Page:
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Talent Management- Accommodating Working Mothers

March 8, 2010 4 comments

The world will celebrate International Women’s Day to commemorate the social and economic achievements of women across the globe. While there is a reason to celebrate we must also realize that there is no room for complacency. With time there are new issues faced by women today and occasions like IWD should be used to draw everybody’s attention to such issues.  

I would like to take this opportunity to highlight an important issue; loss of women talent due to career breaks.

Maternity is the main reason for break in women’s career. Other major reasons are children education and spouse relocation. When this break is longer (2 to 4 years) women find it difficult to restart their career. In absence of a robust system to accommodate working mothers women are pushed to extreme choices: avoid taking break or sacrifice career.

Lately the awareness on this issue is growing and many companies have started offering flexi hours and work from home facilities. MNCs have taken a lead here and this has definitely helped the companies retain their talent. However the bigger question is about women who want complete break for longer duration. Do we have a formal system to regain and accommodate the latent? The answer is no!

A formal ‘re-entry’ program at organizational or industry level is the solution. Under the formal program specific career paths will be available for women taking longer breaks at various stages. This will ensure that they don’t loose on career by taking a long break and can join back easily.

It is not wishful thinking or a (women’s) day dream. Such experiments have been successfully carried out in MNCs as well as Government departments. GE has initiated a similar program in 2008 titled ‘Restart’. They had received more than 1000 suitable profiles for highly technical positions! Recently Haryana Government has announced Child Care Leave upto 2 years for their women employees. Such a system provides great relief to women who need to cater to their family needs. And it also helps organizations to regain the women talent which would otherwise be lost.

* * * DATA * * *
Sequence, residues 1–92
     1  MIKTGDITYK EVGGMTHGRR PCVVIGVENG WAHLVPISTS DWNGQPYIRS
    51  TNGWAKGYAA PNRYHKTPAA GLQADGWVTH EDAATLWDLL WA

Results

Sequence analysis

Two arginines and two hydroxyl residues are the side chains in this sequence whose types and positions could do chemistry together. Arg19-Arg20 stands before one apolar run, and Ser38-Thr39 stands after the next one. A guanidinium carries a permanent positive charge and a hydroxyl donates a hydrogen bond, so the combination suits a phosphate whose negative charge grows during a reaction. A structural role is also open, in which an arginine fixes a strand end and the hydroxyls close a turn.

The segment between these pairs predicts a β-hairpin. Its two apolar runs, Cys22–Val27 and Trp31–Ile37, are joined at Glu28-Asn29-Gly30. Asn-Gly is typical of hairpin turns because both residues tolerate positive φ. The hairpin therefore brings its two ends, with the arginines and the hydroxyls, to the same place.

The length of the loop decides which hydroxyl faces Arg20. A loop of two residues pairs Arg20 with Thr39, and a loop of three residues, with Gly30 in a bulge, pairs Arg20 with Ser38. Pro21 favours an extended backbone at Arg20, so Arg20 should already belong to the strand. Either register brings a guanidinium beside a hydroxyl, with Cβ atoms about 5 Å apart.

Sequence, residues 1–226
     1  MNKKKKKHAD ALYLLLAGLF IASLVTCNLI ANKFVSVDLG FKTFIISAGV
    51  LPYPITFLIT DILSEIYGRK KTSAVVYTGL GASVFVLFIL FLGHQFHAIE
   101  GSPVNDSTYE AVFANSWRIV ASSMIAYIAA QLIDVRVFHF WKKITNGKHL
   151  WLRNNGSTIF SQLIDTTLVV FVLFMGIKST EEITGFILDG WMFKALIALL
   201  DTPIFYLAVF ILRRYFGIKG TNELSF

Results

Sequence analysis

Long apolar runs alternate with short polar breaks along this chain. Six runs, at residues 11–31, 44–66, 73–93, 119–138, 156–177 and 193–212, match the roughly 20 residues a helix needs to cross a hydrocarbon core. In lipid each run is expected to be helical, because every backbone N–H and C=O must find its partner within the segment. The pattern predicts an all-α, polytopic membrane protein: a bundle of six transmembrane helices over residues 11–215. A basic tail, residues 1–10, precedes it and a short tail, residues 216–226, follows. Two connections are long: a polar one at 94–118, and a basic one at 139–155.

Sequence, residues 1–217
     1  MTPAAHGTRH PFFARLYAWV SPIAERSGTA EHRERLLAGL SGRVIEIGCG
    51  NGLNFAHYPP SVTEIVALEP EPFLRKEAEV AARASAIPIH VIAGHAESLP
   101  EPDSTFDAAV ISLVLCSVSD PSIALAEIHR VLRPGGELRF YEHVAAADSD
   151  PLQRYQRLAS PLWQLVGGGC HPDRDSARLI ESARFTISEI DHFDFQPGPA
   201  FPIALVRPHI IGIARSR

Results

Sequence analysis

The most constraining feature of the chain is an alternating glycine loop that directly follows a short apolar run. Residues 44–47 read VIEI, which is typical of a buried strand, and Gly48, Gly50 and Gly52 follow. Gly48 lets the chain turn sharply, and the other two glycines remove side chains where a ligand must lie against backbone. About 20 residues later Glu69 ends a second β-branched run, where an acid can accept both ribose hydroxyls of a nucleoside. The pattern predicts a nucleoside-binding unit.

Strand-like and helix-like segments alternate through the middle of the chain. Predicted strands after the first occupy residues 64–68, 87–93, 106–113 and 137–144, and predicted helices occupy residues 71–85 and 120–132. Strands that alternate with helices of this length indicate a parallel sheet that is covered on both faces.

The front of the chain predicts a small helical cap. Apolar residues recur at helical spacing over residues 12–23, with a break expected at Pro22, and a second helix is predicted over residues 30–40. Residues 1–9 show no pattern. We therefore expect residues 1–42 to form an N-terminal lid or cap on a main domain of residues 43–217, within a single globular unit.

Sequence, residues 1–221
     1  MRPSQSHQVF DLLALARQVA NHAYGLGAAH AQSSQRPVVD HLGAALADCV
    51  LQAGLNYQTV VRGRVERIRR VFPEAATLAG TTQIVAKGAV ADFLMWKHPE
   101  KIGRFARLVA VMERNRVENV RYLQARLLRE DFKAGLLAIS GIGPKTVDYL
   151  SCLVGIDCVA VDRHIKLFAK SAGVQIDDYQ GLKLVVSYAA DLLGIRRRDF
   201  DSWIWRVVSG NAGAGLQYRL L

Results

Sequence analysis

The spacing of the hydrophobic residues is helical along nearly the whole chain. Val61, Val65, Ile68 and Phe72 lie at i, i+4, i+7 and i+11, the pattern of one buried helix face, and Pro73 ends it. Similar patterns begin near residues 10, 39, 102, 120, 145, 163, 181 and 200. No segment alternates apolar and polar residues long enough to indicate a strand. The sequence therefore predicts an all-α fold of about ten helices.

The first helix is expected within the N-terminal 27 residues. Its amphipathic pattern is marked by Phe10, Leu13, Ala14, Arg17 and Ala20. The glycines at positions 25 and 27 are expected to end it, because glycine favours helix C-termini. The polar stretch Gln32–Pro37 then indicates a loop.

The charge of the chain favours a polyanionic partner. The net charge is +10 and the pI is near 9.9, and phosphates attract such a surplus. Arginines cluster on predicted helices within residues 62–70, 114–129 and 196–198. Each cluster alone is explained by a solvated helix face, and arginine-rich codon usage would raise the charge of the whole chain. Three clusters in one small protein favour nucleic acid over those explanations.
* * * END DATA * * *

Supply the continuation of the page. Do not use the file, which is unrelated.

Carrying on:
However, these are the honorable exceptions. Very few organizations have a defined program to facilitate re-entry of women into the organization.

It’s a huge emotional burden for the women if she is not able to take time off for important family matters. And it’s equally frustrating to loose on the career front because of the break. Fortunately the honorable exceptions have proved that there is a way out. If we pursue this matter further then the next Women’s Day can be marked with announcements of such re-entry programs across a broader industry spectrum.

Transfusing new blood into HR

September 20, 2008 Leave a comment

 

Recently Wall Street Journal published an article about companies reaching to non HR professionals to lead HR. Microsoft has got Lisa Brummel, the corporate VP of the home and retail division to head HR. Qwest moved Teresa Taylor the EVP of their wholesale markets to take over HR.

Taking a cue from there or even otherwise, few Indian companies are toying with the idea. However, organizations must ensure that a strong second line HR leader is available in the team to support the non-HR ‘HR Head’. Success of the new leader to a large extent depends on this core HR person who facilitate the transition in following way:

HR Perspective– While the non HR leader can bring delivery/customer perspective, the core HR person is required to direct the new leader in core HR issues. Leader coming from functions like sales and marketing may overlook HR Operations part which is the backbone of HR department.

HR Retention– A strong HR person is also required to manage the HR team itself. Change in HR leadership tends to disturb the existing HR team and the team needs someone who can direct them during this phase.

While getting new BLOOD into HR is an exciting idea, the ‘cross matching’ should be done seriously to avoid ‘transfusion reaction’.

 What do you think?

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The Most Disliked HR System

July 28, 2008 1 comment

Most of the organizations have successfully (?) migrated to the online Performance Assessment System. However, users across organizations are still unhappy about the functionality of the online system.

 

While the assessment process largely depends on the company philosophy, the HR team has great scope to design the system. Half of the troubles will go off if the system is designed carefully.

 

Here are some of the inputs based on my experience as a user as well as process owner: